SZA – ‘SOS’ Album Review

Photo Credit: Mary Ellen Matthews

The run-up to SZA’s sophomore effort SOS has been long, unpredictable, and reliably confounding. Its lead single – and SZA’s first solo top-ten hit – “Good Days” arrived almost two years before the rest of the album and wouldn’t enjoy an official music video until March 2021, by which time its momentum had clearly receded. The next single wouldn’t arrive for another year, and the one after that required an almost-as-long wait. When SOS finally arrived, it was the middle of December – when Christmas songs dominated the charts. 

It’s good then that SZA’s immense talent ensures that her music can speak for itself – despite a deeply questionable promotional campaign, SOS became the R&B star’s first chart-topping album, and its newest hit “Kill Bill” may well be about to hit the very top of the Hot 100 too. Listening to that song – an irresistible slice of R&B-pop whose dreamy sounds obscure a dark murder fantasy – it’s striking how everything else about SZA besides her music suddenly seems unimportant. 

The first leg of the Missourian’s sophomore effort is primarily SZA-by-the-numbers – it finds her doing everything we already know she can do and doing it exactly as well as we’ve come to expect. The exception to this is the exceptional “Blind” – a neo-soul meets folk fusion (think half-Sufjan Stevens, half-Lianne La Havas) that by virtue of its disparate influences shouldn’t work, yet miraculously does. Elsewhere, SZA proves that her charms remain limitless even when she’s playing it safe. “Kill Bill,” with its declaration “I’d rather be in jail than alone” is quintessential SZA; capturing longing at its most comically intense. While “Notice Me” has a similar quality, as she contorts herself into any and every shape she deems necessary to maintain the interest of a lover. This is SZA doing what she does best; capturing those moments of lust, longing, and desperation that few want to admit to, but most can relate to.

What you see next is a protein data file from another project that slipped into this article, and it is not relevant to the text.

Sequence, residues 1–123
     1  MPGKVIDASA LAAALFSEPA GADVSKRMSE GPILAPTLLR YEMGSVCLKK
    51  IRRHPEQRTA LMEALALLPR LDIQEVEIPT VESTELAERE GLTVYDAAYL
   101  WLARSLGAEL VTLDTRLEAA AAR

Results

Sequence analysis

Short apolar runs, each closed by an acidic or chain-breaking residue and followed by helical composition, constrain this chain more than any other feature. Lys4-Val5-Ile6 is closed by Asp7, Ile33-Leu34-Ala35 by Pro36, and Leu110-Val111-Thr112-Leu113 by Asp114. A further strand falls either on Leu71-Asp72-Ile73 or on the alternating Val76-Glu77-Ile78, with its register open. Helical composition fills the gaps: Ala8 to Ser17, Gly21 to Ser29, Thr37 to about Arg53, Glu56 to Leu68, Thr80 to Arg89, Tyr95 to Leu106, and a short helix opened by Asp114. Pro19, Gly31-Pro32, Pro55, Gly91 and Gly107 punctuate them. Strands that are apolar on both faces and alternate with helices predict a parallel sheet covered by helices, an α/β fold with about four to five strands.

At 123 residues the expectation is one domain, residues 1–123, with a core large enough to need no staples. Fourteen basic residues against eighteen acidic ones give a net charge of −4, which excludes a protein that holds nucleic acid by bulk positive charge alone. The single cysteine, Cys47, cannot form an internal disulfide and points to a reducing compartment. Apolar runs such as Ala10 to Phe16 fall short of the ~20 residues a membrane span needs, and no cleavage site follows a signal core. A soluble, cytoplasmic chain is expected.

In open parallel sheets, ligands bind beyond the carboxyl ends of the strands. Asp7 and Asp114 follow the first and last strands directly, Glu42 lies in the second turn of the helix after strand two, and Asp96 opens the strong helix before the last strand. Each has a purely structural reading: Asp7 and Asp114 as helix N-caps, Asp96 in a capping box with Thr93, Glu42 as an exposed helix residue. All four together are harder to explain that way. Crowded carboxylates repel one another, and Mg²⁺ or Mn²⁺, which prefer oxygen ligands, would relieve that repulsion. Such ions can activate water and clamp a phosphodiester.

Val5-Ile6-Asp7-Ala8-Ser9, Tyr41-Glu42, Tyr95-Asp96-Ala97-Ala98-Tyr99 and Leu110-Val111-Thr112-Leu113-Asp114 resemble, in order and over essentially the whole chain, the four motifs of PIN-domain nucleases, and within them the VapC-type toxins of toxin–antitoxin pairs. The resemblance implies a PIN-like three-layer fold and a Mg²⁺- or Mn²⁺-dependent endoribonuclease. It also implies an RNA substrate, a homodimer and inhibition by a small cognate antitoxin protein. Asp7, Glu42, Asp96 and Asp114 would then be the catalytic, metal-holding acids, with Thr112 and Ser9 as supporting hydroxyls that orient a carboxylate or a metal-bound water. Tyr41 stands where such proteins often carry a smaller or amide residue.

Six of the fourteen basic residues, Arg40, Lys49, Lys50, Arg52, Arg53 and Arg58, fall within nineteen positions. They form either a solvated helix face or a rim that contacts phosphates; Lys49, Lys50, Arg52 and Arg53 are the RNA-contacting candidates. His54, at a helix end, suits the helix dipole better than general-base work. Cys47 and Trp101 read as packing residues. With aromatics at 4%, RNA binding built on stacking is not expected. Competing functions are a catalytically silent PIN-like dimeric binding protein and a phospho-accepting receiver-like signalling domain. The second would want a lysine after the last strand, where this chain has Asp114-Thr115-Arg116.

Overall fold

SOS’ most exciting moments, however, happen to be concentrated towards the album’s middle and end; where she branches out and explores a wider array of genres – even those she has yet to fully find her footing in. “Smoking on My Ex Pack” is the LP’s most straightforward hip-hop moment; exuding classic ’90s rap charm and proving that SZA could make a great album entirely within this lane. The Phoebe Bridgers feature “Ghost In The Machine” is far, far better than the album’s earlier feature with Don Toliver, while “Conceited” showcases a reassuringly, uncharacteristically self-assured and independent SZA (though, there is no forgiving the lyric “All these b*tches is minions, despicable like, ooh”). 

Elsewhere, SZA’s new ventures don’t serve her quite as well. Pop-punk number “F2F” offers an intriguing change of pace, but though it aims for the heights of early-2000s Avril Lavigne it instead more closely resembles the Canadian’s decidedly more middling 2020s output. One can’t help but wonder whether the song was a last-minute addition to the tracklist; a transparent attempt to replicate the commercial successes of MGK, Gayle, and Olivia Rodrigo.

On “Nobody Gets Me” SZA borrows from the overly-polished, tasteful pop soundscape once reserved for former Disney stars trying to prove their newfound maturity. It’s a confounding choice for many reasons, but not least because it has the unfortunate effect of making SZA’s lyrics about depending on unreliable men sound like motivational messages rather than the seedy confessionals they really are. It would be wrong to over-emphasize these relatively small imperfections on an album that often reaches great heights, but it gets at a fundamental truth; which is that with a few more cuts made, the exhausting, overlong SOS could be a truly great album, rather than a merely good one.

Written by: Tom Williams

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